Implicit Measures of Receptive Vocabulary Knowledge in Low-Functioning Individuals with Autism

Friday, May 15, 2015: 11:30 AM-1:30 PM
Imperial Ballroom (Grand America Hotel)
E. L. Coderre1, M. Chernenok1, J. O'Grady1, L. V. Bosley1, B. Gordon1,2 and K. Ledoux1, (1)Cognitive Neurology/Neuropsychology, Department of Neurology, Johns Hopkins University, Baltimore, MD, (2)Department of Cognitive Science, Johns Hopkins University, Baltimore, MD

Assessment of the cognitive operations responsible for language and thought are typically quantified using overt behaviors such as response time or verbal reports. However, such explicit measures assume an understanding of task goals and an ability to execute the required response. In certain populations, such as low-functioning, nonverbal individuals with autism, such measures might be difficult or impossible to obtain. In such cases, it would be helpful to have implicit measures of cognitive abilities, ones that do not require explicit understanding and cooperation. We have previously shown that eye movement monitoring (EM), pupillary dilation (PD), and event-related potentials (ERPs) can estimate receptive vocabulary knowledge in normal adults (Ledoux et al., accepted pending revision). However, the degree to which these implicit measures can serve as reliable indices of vocabulary knowledge in low-functioning individuals with autism (LFAs) is unknown.


The aim of the current study is to demonstrate whether three implicit measures (EM, PD, and ERPs) can be used to assess receptive vocabulary knowledge, on an individual basis, in LFAs. 


Participants were five LFAs. Stimuli were high-frequency “known” words (e.g. bus, telephone) and low-frequency “unknown” words (e.g. cherimoya, agouti). Participants completed two tasks on two separate sessions. In the forced-choice task (during which EM and PD data were recorded) four pictures were presented together, followed by an auditory word that matched one of the pictures. In the picture-word congruity task (during which ERP data were recorded) participants viewed a picture then heard either a matching or mismatching auditory word. Importantly, behavioral responses were not required.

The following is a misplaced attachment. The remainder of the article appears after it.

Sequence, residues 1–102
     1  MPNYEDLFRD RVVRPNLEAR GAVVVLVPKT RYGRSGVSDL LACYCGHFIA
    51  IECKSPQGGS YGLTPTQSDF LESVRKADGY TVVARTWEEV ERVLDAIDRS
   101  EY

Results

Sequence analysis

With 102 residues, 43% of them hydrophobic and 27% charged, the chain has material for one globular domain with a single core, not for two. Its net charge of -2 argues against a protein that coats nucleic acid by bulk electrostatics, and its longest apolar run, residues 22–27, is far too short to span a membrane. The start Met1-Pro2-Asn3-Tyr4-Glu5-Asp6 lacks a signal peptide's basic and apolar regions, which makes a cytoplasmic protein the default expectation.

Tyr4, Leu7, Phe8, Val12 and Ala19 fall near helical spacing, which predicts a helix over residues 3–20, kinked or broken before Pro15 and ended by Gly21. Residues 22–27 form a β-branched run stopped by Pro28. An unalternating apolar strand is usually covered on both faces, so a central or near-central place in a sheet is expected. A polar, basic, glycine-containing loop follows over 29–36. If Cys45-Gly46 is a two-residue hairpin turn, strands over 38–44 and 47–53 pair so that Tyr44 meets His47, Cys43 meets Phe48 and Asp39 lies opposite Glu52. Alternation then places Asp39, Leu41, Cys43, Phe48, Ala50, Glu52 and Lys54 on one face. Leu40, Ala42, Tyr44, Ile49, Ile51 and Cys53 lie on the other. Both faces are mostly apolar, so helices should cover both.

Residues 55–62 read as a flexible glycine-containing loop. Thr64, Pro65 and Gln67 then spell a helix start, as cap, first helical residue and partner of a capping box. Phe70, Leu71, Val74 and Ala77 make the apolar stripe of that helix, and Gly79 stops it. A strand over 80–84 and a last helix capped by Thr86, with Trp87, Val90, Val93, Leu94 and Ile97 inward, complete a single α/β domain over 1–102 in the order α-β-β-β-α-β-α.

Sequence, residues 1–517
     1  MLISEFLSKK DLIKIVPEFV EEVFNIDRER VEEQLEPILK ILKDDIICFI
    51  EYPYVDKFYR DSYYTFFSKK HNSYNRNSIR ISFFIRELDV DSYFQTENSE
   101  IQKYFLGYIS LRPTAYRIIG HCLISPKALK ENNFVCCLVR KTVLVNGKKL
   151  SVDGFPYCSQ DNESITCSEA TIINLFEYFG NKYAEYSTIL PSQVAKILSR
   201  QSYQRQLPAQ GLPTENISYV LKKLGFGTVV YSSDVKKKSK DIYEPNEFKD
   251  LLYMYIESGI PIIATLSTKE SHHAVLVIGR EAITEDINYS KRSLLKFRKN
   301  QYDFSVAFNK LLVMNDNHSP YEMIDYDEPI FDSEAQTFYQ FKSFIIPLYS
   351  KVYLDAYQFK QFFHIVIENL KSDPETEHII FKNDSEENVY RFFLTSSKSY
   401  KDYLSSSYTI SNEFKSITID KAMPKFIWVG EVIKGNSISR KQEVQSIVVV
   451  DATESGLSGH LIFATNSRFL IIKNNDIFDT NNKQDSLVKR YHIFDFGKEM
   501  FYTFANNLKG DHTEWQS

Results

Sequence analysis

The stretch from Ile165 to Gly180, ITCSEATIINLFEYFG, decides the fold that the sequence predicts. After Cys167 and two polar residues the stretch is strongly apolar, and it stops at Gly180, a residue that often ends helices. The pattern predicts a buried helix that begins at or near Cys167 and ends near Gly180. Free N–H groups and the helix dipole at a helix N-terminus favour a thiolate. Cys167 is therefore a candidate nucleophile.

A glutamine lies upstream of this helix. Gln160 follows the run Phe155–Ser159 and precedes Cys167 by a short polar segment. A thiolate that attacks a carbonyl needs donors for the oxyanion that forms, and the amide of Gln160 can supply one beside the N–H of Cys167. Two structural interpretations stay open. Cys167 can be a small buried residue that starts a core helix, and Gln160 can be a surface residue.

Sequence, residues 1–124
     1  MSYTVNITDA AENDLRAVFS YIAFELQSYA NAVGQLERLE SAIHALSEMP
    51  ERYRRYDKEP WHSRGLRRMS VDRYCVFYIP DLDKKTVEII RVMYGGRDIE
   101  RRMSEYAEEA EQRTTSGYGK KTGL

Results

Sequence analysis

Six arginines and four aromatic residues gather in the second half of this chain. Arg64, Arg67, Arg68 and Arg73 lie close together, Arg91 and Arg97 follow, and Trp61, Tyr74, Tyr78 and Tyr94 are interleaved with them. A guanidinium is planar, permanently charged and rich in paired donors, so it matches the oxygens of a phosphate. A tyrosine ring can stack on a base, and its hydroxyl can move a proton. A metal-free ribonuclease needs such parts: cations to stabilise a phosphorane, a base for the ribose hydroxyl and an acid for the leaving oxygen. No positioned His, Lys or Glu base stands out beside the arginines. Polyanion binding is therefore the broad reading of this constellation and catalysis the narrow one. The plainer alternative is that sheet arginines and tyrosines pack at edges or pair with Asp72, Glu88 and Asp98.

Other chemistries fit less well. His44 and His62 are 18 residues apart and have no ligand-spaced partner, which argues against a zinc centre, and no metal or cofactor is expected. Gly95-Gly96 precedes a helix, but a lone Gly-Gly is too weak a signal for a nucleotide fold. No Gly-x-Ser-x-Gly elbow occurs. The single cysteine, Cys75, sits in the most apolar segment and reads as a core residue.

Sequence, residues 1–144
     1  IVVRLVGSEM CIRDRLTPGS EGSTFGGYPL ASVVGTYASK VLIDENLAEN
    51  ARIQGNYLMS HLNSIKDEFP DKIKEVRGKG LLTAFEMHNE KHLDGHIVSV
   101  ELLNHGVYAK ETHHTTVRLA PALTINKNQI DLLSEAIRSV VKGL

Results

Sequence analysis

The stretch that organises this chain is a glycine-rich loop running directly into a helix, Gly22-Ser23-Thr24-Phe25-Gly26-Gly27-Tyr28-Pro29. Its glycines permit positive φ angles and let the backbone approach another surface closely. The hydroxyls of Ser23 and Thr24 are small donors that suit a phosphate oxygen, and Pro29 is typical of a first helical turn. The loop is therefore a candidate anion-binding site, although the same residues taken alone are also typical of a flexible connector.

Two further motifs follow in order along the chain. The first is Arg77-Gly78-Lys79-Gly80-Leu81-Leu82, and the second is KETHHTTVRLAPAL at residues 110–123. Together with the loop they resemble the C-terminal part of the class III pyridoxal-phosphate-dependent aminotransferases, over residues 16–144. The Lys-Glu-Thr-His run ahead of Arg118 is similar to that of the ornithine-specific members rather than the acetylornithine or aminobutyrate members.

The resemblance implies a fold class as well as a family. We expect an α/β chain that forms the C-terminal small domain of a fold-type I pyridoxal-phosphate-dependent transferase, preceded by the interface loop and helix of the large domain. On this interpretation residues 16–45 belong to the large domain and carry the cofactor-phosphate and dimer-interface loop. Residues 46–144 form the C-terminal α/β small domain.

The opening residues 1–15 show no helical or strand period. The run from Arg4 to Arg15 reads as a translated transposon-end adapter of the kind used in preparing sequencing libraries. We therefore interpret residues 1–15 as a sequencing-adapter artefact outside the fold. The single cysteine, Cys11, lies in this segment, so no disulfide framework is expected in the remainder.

In the EM data (Figure 1a), known words showed longer average fixation durations and a greater proportion of fixation and dwell time on the target picture relative to unknown words, indicating that participants spent a greater amount of time looking at the target picture when the word was known. Known trials had fewer fixations compared to unknown trials, suggesting that participants’ eyes moved more directly to the target picture in response to known words. These findings replicate those of normal adults (Ledoux et al., accepted pending revision). In the PD data (Figure 1b), the average change in PD was greater for unknown words compared to known words, suggesting greater recruitment of resources for unknown words. In the ERP data, known trials elicited an N400 effect (reduced N400 amplitude for congruent picture-word pairs compared to incongruent pairs) over centro-parietal scalp (Figure 1c).  Although there were also congruency differences in the unknown words (Figure 1d), these effects were sustained over the entire trial and did not correspond to an N400 effect.


Overall, LFAs showed similar patterns of EM, PD, and ERPs responses to known and unknown vocabulary as did normal adults, although there was significant individual variation.  Thus despite the inevitable heterogeneity in this population, these implicit measures can be used to assess receptive vocabulary knowledge in the absence of behavioral responses. These techniques hold great potential for assessment of linguistic and other cognitive capabilities in low-functioning populations.